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Iraq's Leaders Back Fragile Power-Sharing Deal


Iraq's President Jalal Talabani, center left, shakes hands with Osama al-Nujeifi, center right, the elected parliament speaker during a Parliament session in Baghdad, Iraq, Thursday, Nov. 11, 2010. Iraq's president gave Shiite Prime Minister Nouri al-Mali

Iraq's President Jalal Talabani, center left, shakes hands with Osama al-Nujeifi, center right, the elected parliament speaker during a Parliament session in Baghdad, Iraq, Thursday, Nov. 11, 2010. Iraq's president gave Shiite Prime Minister Nouri al-Mali

Iraq's president has asked Shi'ite incumbent Nouri al-Maliki to retain his position as prime minister and form a new government, but a dispute in parliament on a newly reached power-sharing deal prompted most of the Sunni-backed opposition to walk out, underscoring the agreement's fragility.

Iraqi lawmakers Thursday re-elected Jalal Talabani as president. The Kurdish leader then nominated Mr. Maliki to form a unity government, paving the way for his return to office for another four-year term. Under Iraqi law, he has 30 days to form his Cabinet.

But newly elected parliament speaker Osama al-Nujaifi, a Sunni Arab, and roughly two-thirds of the other 91 lawmakers from the Iraqiya coalition -- including former Prime Minister Ayad Allawi -- walked out of Thursday's session to protest the rejection of a series of demands they made.

Among them were commitments to release detainees and reverse the disqualification of three Iraqiya candidates for their alleged ties to the outlawed Ba'ath Party of executed former Iraqi leader Saddam Hussein. Sunnis view the controversial de-Baathification process as a Shi'ite attempt to bar them from returning to power.

Nujaifi later returned to the session, where voting had continued on Mr. Talabani's re-election. Earlier Thursday, parliament members also elected a Sadrist Movement member and a Kurdistan Alliance lawmaker as deputy speakers.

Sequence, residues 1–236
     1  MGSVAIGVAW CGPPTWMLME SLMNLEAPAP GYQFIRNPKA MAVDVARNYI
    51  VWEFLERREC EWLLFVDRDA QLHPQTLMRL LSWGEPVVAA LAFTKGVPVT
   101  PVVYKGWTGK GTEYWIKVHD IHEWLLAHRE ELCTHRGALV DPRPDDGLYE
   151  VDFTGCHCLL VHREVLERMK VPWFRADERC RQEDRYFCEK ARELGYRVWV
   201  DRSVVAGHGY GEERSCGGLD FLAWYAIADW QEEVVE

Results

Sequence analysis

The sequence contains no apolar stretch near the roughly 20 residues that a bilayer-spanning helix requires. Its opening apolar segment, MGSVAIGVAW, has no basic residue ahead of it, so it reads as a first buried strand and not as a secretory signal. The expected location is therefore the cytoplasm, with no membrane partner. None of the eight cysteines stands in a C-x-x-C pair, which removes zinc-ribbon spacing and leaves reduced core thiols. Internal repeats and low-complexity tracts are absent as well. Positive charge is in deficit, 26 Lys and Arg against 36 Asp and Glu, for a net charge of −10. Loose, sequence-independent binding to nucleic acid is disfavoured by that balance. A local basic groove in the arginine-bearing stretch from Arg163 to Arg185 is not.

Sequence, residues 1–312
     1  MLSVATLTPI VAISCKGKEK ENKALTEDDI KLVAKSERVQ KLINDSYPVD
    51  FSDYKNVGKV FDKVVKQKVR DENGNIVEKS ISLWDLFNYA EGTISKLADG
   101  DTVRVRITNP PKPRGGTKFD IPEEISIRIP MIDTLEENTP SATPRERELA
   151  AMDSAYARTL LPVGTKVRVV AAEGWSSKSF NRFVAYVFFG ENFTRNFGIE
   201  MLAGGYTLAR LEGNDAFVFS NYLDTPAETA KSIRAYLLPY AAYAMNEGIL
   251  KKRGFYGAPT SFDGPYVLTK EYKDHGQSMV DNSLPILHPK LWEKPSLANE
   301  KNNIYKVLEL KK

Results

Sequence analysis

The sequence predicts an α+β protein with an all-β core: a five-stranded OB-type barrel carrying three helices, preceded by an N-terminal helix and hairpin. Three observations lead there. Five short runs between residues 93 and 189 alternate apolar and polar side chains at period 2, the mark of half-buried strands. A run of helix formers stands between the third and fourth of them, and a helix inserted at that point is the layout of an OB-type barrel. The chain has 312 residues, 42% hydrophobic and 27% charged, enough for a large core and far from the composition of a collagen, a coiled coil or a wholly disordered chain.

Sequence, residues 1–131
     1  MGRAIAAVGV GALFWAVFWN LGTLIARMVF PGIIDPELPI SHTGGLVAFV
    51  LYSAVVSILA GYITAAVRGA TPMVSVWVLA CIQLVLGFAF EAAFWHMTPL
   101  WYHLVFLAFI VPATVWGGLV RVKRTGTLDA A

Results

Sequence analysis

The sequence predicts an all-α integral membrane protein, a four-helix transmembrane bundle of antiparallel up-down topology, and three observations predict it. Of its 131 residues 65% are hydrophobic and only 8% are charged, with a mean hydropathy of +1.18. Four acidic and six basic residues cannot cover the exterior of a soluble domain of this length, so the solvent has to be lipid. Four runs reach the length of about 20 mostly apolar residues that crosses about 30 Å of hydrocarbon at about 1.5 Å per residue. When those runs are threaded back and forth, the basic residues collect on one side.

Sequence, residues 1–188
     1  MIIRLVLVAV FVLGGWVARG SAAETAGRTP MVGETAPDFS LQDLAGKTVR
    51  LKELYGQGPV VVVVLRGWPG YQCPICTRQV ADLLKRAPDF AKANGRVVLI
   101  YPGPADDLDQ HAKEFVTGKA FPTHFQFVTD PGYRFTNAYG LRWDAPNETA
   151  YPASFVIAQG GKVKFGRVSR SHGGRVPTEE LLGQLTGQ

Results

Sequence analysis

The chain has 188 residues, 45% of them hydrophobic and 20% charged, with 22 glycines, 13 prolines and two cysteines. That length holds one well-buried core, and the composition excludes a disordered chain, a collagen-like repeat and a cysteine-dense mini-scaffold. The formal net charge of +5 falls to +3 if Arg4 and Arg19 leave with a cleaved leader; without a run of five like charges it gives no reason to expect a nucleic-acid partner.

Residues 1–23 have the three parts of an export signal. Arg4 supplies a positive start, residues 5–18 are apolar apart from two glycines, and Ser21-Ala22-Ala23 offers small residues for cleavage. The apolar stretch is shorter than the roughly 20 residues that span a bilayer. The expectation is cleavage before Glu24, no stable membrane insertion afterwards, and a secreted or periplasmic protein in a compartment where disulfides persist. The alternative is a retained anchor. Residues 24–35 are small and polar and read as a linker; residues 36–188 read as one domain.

The walkout underlined the Sunni minority's ambivalence over the prospective new unity government outlined in the deal, which ensures continued Shi'ite domination while giving Sunnis a role far short of the greater political power they seek.

U.S. President Barack Obama Thursday welcomed the progress but urged Iraqi leaders involved in the fragile power-sharing arrangement to aim for an "inclusive government." The White House said Mr. Obama spoke to several Iraqi leaders in recent days and stressed the need for Mr. Allawi, other Iraqiya members and all the winning political blocs to hold leadership posts in the country's new government.

Kurdish regional President Masoud Barzani, who brokered the agreement, said Thursday Mr. Allawi would lead a newly created committee overseeing foreign policy and national security, the National Council for Strategic Policies. The council's powers, however, remain undefined.

For their part, Iraqi Kurds feel they have solidified their role in government. Though the presidency is a largely symbolic position, Mr. Talabani has been able to wield considerable power because of his background as a longtime Kurdish leader.

Mr. Allawi's Iraqiya alliance won the most seats in inconclusive March elections but was unable to gain enough support from other parties to create a majority coalition. Iraqiya's inability to find political partners allowed Mr. Maliki, who partnered with anti-American Shi'ite cleric Muqtada al-Sadr in an Iranian-backed coalition, to gain momentum and support.

If the shaky deal holds, it could end the stalemate that has paralyzed Iraqi state institutions as security forces battle insurgents who have taken advantage of the political vacuum to stoke violence.

Some information for this report provided by AP and Reuters.

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